Are tech pros happy at work?
Many tech companies believe that loading up their offices with all kinds of amenities—from free gyms and unlimited PTO to cafeterias and golden healthcare plans—will lead to boosted morale and productivity. But as a new survey by Blind demonstrates, perks and benefits don’t automatically translate into happy employees.
Take Snapchat, for instance, which offers employees many of the perks you find at the nation’s best-monetized firms, and yet has the lowest percentage of employees saying they’re happy (38.32 percent). Perhaps that high degree of unhappiness is due to Snapchat’s secrecy, micromanagement, or oddly fractured office environment (at least as described in a 2016 Business Insider piece); but whatever the cause, the free food and healthcare isn’t moving the happiness needle like you might expect.
Other companies where the employees aren’t happy include Oracle (41.36 percent), Oath/Verizon Media (42.42 percent), and Booking.com (44.29 percent). (Granted, Blind’s surveys are anonymous and thus un-scientific, but we’re assuming they’re accurate to a certain degree; Blind surveyed 10,677 users of its app between Jan. 15-25.)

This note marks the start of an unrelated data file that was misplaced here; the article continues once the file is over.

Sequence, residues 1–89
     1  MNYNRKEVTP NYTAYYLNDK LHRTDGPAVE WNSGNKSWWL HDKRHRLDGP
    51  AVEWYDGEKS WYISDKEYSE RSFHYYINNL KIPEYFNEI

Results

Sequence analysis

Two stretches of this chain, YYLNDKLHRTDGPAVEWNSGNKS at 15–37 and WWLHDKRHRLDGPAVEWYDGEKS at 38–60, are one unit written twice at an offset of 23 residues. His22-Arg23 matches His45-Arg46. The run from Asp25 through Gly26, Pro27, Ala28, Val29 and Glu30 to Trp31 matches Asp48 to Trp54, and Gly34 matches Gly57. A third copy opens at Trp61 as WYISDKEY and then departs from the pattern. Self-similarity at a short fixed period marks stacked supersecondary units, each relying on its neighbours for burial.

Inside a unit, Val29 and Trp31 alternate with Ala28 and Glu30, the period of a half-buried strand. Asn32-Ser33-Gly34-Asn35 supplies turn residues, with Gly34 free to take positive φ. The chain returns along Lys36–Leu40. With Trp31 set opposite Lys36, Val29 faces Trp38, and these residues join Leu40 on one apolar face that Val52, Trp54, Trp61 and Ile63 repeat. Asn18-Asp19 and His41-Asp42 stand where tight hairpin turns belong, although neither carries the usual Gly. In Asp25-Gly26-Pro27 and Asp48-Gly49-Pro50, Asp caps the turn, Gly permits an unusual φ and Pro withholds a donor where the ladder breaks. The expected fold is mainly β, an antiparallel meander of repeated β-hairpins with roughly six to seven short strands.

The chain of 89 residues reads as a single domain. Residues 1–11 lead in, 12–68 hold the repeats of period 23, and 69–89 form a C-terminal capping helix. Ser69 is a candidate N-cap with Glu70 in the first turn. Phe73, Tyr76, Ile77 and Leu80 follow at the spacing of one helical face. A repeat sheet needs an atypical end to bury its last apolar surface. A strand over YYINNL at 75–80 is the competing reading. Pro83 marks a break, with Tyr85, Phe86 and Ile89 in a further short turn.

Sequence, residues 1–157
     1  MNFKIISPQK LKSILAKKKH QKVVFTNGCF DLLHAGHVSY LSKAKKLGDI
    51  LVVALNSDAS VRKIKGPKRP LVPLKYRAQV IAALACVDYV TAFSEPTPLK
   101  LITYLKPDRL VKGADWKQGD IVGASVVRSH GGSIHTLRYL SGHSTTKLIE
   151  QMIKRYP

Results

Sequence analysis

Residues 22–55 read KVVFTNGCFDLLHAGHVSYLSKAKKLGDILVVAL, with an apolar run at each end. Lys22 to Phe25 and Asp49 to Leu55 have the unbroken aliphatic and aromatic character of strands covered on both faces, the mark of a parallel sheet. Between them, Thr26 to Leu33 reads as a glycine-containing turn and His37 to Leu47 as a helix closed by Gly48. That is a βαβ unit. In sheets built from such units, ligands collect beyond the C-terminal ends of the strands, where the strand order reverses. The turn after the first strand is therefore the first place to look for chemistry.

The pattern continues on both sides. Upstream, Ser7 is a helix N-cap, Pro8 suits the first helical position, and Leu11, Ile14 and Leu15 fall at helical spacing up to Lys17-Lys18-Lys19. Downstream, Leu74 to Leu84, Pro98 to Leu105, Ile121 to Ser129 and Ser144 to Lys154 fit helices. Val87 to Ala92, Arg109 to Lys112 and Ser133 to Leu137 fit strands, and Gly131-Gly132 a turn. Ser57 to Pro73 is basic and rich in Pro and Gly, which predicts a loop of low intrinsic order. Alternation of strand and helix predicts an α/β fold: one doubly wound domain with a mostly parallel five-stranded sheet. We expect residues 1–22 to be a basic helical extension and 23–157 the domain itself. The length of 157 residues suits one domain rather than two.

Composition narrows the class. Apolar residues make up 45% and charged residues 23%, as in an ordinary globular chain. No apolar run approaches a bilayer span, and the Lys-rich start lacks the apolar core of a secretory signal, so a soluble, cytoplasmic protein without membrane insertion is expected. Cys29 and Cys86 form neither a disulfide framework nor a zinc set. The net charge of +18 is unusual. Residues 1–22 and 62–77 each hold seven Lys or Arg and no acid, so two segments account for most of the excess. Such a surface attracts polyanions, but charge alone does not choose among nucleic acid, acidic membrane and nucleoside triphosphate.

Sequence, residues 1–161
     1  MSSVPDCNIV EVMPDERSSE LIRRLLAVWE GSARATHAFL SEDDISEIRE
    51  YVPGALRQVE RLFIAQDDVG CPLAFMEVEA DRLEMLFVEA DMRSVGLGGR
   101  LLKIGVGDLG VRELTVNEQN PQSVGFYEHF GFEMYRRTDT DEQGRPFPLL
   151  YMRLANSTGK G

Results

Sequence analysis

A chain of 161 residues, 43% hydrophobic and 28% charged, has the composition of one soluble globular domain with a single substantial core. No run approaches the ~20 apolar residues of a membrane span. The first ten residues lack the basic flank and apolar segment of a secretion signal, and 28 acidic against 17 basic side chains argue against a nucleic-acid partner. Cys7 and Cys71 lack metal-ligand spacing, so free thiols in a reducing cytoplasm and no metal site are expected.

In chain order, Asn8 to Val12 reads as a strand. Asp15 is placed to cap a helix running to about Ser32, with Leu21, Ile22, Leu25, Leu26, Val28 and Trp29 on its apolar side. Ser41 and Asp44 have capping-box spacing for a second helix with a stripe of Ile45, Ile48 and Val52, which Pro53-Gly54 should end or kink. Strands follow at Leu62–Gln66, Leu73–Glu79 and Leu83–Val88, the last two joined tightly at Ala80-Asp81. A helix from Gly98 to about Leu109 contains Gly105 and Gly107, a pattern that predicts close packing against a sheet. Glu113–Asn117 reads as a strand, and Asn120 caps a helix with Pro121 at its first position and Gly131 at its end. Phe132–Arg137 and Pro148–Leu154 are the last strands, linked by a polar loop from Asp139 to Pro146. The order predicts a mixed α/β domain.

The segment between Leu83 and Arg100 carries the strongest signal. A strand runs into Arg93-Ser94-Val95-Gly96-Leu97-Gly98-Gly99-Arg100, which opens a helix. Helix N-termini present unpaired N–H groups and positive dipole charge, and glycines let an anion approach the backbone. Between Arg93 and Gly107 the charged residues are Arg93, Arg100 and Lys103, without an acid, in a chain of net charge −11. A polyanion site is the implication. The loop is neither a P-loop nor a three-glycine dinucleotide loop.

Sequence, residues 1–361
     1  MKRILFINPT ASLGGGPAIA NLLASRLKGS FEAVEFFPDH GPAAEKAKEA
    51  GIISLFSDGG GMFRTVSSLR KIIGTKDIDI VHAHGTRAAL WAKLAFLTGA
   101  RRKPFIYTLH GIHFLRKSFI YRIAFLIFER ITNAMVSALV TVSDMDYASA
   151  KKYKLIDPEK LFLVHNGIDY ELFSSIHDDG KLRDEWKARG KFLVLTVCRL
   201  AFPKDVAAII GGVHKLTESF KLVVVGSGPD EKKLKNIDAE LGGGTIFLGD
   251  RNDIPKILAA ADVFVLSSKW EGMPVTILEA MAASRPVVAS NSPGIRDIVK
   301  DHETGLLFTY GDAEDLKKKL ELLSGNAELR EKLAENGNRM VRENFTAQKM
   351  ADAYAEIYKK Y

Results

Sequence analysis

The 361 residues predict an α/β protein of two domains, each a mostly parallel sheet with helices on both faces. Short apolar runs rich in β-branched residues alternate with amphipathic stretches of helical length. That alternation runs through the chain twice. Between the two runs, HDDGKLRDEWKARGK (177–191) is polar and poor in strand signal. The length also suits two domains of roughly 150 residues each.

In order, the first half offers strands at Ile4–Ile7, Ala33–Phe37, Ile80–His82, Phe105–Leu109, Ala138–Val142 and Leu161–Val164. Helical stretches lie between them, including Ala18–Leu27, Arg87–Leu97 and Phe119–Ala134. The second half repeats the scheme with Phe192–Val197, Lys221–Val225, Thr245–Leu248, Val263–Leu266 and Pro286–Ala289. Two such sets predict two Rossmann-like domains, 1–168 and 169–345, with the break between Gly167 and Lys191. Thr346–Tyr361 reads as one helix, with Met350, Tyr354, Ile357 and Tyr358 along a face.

And what are the happiest companies? LinkedIn leads on that front, with 83.25 percent of employees reporting themselves as happy, followed by Uber (77.78 percent), Salesforce (73.20 percent), Apple (71.43 percent), and Tesla (68.89 percent).
That data is also interesting, as Tesla has a reputation as a company where employees are ground down by long hours and aggressive management. Uber has also experienced its share of issues over the past few years, although its current leadership is attempting a massive cultural turnaround. Yet employees who are supposedly from those firms report a high degree of happiness; perhaps they feel a sense of mission, which is a major contributor to employee morale.
In any case, here is the breakdown of Blind’s data, rendered as a chart for your reading pleasure:
Meanwhile, the new Dice Salary Survey has found that employees really like certain motivators from their employers. For example, some 17 percent said that “increased compensation” was the primary motivator provided by their employer in 2018, while 15 percent said remote work, and 10 percent said flexible hours. Another 10 percent were enticed by more interesting work, but only 4 percent cited a promotion as their primary motivator—suggesting that workers want money and work-life flexibility more than a cool new title on their business card.
It’s often difficult to determine what will maximize the happiness of an individual employee. That being said, employers who push a collective sense of mission, and pair that with solid pay and benefits, have a higher chance of making their workforce generally happy.